I first read The Murder of Roger Ackroyd by Agatha Christie in March 2018, and this review was originally posted on my Goodreads account then. Some minor edits have been made to this review.
Agatha Christie, you brilliant storyteller, you. The moment I finished this book, I wanted to start over and read it again.
This mystery novel is about a murder that takes place in a small town. The victim, Roger Ackroyd (bet you didn’t see that coming), turns out to have secrets that are startling and baffling (bet you didn’t see that coming either), and the search for the killer begins in earnest when the great detective Hercule Poirot arrives. From there, our narrator — not our favorite mustachioed crime solver, unusually — takes us on a journey the reader cannot help trying to unravel… and which surprises us in, for me, a rather unexpected way.
We begin by getting to know the narrator, Dr. James Sheppard, and his rather delightfully gossipy sister Caroline. Those two have some great banter throughout the story, though there are several other great characters. But what really kept me so engaged was the murder (to be expected, I suppose). The entire time you read, you feel that the solution is so close to hand. So, when the solution is revealed, it’s all the more satisfying-astounding-obvious. (Assuming you are like me and were unable to solve the murder despite your detailed notes on the characters and the timeline and the evidence and the…)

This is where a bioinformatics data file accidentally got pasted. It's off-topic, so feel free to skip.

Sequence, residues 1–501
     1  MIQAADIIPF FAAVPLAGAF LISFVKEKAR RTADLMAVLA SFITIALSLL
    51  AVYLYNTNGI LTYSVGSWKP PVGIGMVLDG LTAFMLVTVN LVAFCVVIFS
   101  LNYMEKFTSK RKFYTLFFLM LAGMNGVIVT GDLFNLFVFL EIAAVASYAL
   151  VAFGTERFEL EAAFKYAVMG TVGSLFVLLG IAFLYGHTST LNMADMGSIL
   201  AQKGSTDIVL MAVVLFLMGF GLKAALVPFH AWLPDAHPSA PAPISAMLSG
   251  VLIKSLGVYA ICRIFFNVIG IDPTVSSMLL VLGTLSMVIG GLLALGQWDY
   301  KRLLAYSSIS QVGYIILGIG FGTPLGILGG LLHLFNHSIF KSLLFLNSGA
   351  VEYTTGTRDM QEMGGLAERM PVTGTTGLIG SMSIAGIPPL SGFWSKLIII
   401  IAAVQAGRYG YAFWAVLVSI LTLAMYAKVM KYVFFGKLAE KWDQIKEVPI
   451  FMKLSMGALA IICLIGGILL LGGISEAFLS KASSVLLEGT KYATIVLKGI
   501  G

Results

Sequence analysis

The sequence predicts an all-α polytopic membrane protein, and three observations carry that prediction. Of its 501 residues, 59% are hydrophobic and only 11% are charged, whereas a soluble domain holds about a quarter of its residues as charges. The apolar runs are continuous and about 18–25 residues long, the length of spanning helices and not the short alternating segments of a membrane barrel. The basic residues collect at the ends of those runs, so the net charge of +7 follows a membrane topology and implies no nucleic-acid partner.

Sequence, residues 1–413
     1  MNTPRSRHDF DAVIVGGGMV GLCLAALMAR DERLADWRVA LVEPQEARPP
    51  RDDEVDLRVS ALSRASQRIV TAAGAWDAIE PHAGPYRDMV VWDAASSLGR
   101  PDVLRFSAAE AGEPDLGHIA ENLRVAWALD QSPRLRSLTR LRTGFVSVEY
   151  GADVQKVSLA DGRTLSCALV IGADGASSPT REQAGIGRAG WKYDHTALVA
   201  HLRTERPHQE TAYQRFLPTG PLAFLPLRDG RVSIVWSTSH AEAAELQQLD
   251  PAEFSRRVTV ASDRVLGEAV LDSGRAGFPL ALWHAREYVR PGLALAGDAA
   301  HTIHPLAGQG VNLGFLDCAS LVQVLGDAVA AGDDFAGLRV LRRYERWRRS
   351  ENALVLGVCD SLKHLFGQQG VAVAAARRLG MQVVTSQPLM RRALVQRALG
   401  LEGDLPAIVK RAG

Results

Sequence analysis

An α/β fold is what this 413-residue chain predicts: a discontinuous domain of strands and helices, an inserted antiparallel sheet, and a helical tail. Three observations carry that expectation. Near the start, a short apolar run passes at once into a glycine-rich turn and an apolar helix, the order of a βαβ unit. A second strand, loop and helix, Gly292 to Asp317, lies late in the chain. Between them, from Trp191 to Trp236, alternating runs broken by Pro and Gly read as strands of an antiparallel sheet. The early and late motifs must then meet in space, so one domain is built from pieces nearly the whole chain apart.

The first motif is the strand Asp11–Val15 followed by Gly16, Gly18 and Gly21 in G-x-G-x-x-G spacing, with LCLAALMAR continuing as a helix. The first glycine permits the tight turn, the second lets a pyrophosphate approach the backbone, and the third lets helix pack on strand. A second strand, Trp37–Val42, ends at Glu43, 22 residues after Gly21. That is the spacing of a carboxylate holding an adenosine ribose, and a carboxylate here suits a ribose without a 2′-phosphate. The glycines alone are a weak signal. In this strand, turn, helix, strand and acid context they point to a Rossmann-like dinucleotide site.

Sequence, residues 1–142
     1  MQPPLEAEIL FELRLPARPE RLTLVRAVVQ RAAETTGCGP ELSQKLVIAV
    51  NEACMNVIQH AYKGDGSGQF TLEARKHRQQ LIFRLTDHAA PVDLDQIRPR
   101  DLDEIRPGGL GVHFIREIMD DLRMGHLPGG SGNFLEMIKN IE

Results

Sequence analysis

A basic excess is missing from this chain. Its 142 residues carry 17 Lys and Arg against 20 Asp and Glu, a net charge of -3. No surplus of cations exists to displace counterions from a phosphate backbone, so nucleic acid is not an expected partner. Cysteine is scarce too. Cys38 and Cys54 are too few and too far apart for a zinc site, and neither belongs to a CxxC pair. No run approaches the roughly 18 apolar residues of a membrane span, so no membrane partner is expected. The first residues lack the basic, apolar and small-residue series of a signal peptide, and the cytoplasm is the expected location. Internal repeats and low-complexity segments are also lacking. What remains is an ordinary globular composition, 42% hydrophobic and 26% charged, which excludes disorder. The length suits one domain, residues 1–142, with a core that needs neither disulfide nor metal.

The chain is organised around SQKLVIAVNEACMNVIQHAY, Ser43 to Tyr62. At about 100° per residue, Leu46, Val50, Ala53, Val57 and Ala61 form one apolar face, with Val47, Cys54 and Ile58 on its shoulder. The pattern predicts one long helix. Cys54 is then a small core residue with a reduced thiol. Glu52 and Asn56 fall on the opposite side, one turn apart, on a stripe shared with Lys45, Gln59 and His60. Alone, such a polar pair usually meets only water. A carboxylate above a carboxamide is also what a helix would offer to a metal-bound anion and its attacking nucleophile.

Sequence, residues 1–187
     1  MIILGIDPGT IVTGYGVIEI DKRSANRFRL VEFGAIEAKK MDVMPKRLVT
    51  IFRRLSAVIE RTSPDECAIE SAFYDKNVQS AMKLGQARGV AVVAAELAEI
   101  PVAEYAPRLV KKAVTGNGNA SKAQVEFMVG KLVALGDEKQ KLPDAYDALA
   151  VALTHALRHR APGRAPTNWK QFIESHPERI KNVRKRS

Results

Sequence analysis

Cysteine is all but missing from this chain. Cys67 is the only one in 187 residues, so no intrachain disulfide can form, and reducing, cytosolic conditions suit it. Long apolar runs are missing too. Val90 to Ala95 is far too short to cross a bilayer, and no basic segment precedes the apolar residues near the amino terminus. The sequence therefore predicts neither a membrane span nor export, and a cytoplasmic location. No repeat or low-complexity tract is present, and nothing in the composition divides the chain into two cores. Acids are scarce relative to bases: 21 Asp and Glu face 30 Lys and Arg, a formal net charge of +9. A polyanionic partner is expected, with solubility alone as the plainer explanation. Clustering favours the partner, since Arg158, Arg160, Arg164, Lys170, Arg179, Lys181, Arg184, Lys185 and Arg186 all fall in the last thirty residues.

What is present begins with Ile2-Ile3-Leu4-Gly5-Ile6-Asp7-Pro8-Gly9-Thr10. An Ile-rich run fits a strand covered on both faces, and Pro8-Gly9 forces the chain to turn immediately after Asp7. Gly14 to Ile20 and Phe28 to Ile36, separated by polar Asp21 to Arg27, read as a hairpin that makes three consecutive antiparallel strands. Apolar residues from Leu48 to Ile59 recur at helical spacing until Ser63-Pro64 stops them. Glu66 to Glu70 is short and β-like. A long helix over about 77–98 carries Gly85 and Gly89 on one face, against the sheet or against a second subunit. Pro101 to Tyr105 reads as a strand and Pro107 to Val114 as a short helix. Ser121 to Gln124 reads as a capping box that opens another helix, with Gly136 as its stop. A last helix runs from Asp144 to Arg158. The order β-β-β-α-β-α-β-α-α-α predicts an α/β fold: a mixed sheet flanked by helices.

One thing I especially liked about this book was the point-of-view; we got to see Poirot through another man’s eyes. Therefore, the case seems more opaque, and Poirot’s quirks even more eccentric. It was quite fun to be an outsider of his process.
Avoiding spoilers, the way Christie executes the ending is exceptionally clever. It could have felt like a cheat, but she actually made it make perfect sense. I will remember the last pages so well — the exchange between Poirot and the killer, then the killer’s parting words — just wow.
Overall, The Murder of Roger Ackroyd is a remarkable book. Well-written characters, an engaging murder mystery, a fantastic use of POV, and an ending that kind of made me scream. There’s a reason why Christie is called the queen of mystery, and this book exemplifies that reason perfectly.
Overall rating: 9/10
What did you think of Roger Ackroyd? Or, if you haven’t read it, what’s the book with the most amazing plot twist you’ve ever read?